To eat on the fourth
Written by Phoebe Brannock|
July 9, 2015
Space, land, and private property — all dreams that have propelled huddled masses yearning to be free to this side of the Atlantic since before John Hancock presided over that fated body of men in Philadelphia. Something intrinsic in the American character desires to lift its face to unencumbered skies, rest its legs in rolling hills of grass and run its hands through leaves of dense forests. We are intrepid adventurers and explorers. And after we have looked upon the land of this country with the same optimism radiating through our souls as the Founding Fathers had when they pledged their lives, their fortunes and their sacred honor to our fledgling country, we are hungry.
Fortunately, we are prepared — Daniel Boone didn’t cut through Cumberland Gap without provisions.
The idea of a picnic has, to me, always resonated as an innately American concept. Whether or not we filched the best springtime ideas from luxurious Bath, England or from the glowing poppy fields of Sancerre, France remains debatable, but somewhere in that patois of European mingling has sprouted an event for a red-blooded American as heavy blankets temporarily smother supple grass beneath the shadow of mountain ranges, the height of canyons, the spray of the shore, or wherever you may be.
Our picnicking almost taunts the fashionable European service à la Russe as our giddy, sometimes tippled, laughter rings through clear air: Here we have heavy ceramic dishes instead of porcelain plates, close friends romping pell-mell as they unpack delights from dusty baskets instead of sitting in politic awareness according to a seating chart, rambunctious dogs encouraging the controlled mayhem of a group instead of a sedate cat in a corner chair. The setting has created what Alexis de Tocqueville recognized in the American people as a portrait of democracy where, “the form and the substance of human actions … often stand there in [close] relation; and if the great picture of human life is less embellished, it is more true.”
Living, at least for an afternoon, true to humanity calls for food as brassy, unhindered, and vibrant as those settlers who first adorned the spot that you have chosen for celebration.
Fried chicken, meat the color of cream and crust flaked with pepper, always complements outdoor eating. Teeth should easily pull the tender muscle from the bones. Grease should leave fingers with a slight but easily removable film. Off-the-beaten-path, hole-in-the-wall sorts of places that sell everything from aspirin to mascara usually produce the juiciest pieces and seem to providentially appear near good picnicking areas. As long as keen eyes are peeled for a building where people are strolling out the door laden with paper bags to a parking lot where cars compete for a space, steaming chicken thighs, legs, and breasts should find their way into a wicker basket.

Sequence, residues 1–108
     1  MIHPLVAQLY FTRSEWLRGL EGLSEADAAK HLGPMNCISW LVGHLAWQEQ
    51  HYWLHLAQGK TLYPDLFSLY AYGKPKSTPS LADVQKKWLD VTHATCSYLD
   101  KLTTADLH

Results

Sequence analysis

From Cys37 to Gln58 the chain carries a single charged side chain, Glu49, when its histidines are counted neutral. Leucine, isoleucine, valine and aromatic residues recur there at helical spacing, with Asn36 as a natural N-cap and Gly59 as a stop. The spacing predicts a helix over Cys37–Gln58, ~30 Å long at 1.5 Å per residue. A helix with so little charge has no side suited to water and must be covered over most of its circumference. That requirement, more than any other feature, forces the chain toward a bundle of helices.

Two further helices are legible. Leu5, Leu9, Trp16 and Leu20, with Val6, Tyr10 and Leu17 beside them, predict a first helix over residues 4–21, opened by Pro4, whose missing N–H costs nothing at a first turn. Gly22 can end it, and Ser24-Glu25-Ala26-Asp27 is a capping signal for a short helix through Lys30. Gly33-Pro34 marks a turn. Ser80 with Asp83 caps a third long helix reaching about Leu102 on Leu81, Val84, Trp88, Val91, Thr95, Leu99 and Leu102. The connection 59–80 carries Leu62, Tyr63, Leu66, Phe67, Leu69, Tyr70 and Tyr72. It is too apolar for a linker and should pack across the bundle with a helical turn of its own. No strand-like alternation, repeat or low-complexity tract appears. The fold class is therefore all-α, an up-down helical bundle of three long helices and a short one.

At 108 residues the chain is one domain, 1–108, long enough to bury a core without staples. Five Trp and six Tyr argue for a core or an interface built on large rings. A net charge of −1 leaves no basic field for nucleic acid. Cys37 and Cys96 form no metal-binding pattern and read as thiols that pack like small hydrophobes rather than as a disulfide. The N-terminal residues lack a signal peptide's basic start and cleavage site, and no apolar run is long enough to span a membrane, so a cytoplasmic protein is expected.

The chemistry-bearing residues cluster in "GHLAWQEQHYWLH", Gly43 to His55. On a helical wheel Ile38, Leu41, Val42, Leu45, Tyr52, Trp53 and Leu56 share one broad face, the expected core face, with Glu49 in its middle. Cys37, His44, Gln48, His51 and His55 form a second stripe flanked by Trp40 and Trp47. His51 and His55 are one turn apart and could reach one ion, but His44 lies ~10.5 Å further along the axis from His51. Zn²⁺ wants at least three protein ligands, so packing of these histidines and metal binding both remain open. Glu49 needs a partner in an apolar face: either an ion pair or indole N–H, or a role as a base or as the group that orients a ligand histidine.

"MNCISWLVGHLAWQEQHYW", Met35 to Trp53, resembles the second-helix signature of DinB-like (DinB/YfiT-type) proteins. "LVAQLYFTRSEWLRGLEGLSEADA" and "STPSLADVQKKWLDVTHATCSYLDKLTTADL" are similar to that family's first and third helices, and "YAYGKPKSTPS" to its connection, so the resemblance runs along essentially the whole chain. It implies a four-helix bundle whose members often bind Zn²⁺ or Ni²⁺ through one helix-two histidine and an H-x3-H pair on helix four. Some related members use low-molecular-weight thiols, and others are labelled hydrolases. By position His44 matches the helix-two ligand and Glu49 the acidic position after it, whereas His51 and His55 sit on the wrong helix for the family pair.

Watermelon, too, usually appears in a glossy, glass-covered Pyrex dish nestled between blanket-covered tufts of grass during a picnic spread. The flesh of the fruit, redder than the brightest rubies, evokes the purity of soul in even the stodgiest of picnic-goers — those folks who bring démodé plastic chairs for fear of grass stains and never cease to swat at sonorous, hovering flies. With first bites, everyone shifts their eyes sideways to discover if their neighbors have electric pink juice staining the corners of their mouths; it’s the eye-shift watermelon game, and once everyone realizes that the whole entourage struggles with the joys of ripeness, mouths saunter into wide grins that spread to the eyes. Equally humanity-inducing but more inspired is a watermelon, mozzarella, basil and balsamic salad: same bright color, sweetness, and playful mess but matured by the vinegar, herbal, and creamy qualities.
Fried chicken and watermelon are optional — they serve as examples of glee-inducing foods that exploit the possibilities of an American summer; pie, however, is mandatory. On every plate it exemplifies our British origins and our bold departure from their culture, our penchant for fruit pies as a preservative for our vast orchards and fields, and our nascent years as a nation of small farmers. Thick flaky crust, a buttermilk bastardization of shortbread, cradles the juices as a reminder of Scottish philosophers’ influence on our own laws, of the resilient Scots-Irish who lent their vigor to the refined sons of Englishmen and Frenchmen. It’s unadulterated Americana on a plate, and no better way exists to end the Fourth than gazing at the sun waving hello to dusk, reminiscing on the steadfastness of our binding and enduring character, and feeling a bit like you yourself could contribute something so that this country remains the land of the free.